These Chinese examples apply where LCCs are independent. There is another format when contemplating if full-service airlines will have a low-cost subsidiary.

Now that China Eastern has taken the initiative in partnering with Jetstar to establish a JV LCC in Hong Kong, along with local interests, it is only a matter of time before Air China and China Southern also make a move, probably sooner than expected. After all, almost every full service in the Asian region has seen fit to establish at least one low cost subsidiary in one form or another.

An LCC subsidiary could be based in an entirely different city from its owner (and perhaps compete more directly with a full-service rival of the LCC's owner), it could operate alongside the full-service carrier to target various segments, it could take over existing lower yielding and unprofitable routes, or any number of combinations. Existing full-service carriers could for example move to a more hybrid operation, as has generally occurred in the US and intra-EU markets.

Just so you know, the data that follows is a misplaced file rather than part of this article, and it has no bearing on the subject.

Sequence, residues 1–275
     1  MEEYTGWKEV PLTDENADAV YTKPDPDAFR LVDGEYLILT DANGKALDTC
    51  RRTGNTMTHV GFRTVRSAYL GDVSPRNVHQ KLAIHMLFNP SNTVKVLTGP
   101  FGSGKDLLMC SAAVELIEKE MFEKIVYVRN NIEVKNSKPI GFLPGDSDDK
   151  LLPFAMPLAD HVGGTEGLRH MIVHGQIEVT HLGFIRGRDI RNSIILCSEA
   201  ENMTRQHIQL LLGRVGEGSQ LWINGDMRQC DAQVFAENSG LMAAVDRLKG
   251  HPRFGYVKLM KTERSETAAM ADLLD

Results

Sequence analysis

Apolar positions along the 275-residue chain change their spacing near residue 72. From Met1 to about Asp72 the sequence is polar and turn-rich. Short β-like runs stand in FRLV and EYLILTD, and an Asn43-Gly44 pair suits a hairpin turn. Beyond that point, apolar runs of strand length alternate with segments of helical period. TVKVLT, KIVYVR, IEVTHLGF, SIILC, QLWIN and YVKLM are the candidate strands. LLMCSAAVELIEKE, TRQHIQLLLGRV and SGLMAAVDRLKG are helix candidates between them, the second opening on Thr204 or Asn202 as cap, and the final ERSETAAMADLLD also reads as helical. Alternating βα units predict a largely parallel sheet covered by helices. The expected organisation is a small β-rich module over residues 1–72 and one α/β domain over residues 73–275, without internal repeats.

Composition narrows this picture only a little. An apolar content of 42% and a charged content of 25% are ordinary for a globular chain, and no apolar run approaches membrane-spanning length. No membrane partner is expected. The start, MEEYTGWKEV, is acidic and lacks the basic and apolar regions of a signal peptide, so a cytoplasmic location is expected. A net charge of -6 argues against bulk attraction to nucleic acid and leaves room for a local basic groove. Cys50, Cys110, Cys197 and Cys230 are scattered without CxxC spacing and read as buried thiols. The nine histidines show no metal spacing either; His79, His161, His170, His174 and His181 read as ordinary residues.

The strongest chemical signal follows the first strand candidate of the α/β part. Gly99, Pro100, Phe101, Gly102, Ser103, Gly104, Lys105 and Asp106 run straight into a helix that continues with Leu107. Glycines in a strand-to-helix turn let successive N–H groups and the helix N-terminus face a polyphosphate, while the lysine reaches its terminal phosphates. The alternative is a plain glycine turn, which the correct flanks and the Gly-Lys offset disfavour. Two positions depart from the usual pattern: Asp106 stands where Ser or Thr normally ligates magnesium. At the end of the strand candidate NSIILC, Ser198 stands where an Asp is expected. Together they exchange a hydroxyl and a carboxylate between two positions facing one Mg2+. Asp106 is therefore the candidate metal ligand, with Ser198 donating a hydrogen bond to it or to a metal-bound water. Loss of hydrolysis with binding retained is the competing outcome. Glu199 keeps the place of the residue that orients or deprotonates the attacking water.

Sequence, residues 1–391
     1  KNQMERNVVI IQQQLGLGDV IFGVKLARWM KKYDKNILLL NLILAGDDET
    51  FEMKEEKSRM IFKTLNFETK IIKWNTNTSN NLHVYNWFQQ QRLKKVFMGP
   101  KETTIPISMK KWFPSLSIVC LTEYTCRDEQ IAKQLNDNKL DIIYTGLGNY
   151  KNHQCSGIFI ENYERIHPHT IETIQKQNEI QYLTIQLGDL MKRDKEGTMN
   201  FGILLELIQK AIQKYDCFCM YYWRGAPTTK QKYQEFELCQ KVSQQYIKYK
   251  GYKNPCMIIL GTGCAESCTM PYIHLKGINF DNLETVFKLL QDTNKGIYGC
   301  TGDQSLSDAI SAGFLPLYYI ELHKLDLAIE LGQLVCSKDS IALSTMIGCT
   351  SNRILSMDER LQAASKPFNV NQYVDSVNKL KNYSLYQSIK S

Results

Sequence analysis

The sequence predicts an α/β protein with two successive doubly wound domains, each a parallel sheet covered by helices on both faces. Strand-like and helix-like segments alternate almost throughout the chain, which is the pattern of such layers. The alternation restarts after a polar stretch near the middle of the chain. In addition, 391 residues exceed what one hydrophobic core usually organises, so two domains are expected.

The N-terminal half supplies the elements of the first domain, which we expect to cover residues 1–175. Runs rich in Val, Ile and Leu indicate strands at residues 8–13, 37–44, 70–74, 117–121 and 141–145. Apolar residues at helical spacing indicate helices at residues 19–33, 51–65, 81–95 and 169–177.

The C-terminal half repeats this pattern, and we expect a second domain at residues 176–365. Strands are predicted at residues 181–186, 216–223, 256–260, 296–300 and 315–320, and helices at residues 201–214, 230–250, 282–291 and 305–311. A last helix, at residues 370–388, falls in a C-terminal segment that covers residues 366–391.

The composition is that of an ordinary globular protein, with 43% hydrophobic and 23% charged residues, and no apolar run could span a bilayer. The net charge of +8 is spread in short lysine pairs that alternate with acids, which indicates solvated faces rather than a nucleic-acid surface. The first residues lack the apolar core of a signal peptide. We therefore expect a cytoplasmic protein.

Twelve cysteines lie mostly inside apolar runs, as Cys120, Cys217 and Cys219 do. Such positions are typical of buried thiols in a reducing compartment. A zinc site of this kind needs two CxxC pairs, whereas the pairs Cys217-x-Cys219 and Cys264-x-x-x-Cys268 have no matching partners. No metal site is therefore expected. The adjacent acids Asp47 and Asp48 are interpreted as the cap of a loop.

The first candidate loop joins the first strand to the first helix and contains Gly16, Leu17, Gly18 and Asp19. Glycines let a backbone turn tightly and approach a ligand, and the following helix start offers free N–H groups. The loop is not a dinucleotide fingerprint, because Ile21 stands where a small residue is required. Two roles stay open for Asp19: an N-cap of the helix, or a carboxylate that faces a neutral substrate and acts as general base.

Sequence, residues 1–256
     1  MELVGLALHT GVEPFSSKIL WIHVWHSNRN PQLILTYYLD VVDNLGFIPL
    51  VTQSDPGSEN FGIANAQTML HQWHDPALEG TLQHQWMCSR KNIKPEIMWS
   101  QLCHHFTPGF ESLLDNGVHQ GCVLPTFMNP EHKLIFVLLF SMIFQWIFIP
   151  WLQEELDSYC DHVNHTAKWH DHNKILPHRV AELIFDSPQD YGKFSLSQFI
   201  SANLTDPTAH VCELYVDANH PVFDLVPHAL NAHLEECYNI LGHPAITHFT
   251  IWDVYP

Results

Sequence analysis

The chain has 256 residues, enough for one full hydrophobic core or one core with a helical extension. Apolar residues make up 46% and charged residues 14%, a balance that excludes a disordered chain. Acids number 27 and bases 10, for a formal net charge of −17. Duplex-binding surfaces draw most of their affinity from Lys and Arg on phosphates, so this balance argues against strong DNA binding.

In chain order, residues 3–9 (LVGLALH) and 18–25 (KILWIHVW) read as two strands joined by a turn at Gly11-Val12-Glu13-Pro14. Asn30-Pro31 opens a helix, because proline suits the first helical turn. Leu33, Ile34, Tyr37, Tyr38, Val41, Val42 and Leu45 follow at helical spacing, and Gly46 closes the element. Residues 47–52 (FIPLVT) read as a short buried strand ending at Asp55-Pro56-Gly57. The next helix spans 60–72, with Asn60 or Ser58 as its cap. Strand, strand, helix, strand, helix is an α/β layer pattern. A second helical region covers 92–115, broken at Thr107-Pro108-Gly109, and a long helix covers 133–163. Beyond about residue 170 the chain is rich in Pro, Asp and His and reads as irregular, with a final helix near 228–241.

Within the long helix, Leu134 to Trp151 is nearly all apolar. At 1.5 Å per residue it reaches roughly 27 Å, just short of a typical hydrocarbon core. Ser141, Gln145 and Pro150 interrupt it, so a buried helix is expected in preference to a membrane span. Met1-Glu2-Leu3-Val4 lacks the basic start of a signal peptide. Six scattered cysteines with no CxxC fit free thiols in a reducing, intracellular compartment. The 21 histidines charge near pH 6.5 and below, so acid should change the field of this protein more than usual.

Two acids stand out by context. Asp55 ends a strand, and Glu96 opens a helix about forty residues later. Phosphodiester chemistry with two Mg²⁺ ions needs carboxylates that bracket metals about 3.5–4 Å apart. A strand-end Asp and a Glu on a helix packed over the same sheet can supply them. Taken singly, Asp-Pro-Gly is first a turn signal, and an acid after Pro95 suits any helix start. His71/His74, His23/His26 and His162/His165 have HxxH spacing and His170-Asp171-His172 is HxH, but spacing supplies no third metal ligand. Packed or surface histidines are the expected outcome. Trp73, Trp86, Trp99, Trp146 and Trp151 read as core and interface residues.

The likely strategy of the CAAC seems to be to promote the LCC model for regional operations while having existing major carriers adopt LCC tactics. China Eastern will have a first mover advantage through experience in its proposed Jetstar Hong Kong JV. Its intent in the project is commercial but also strategic, using it to understand the LCC model - and overall ways of efficiency - from the well-run Jetstar Group.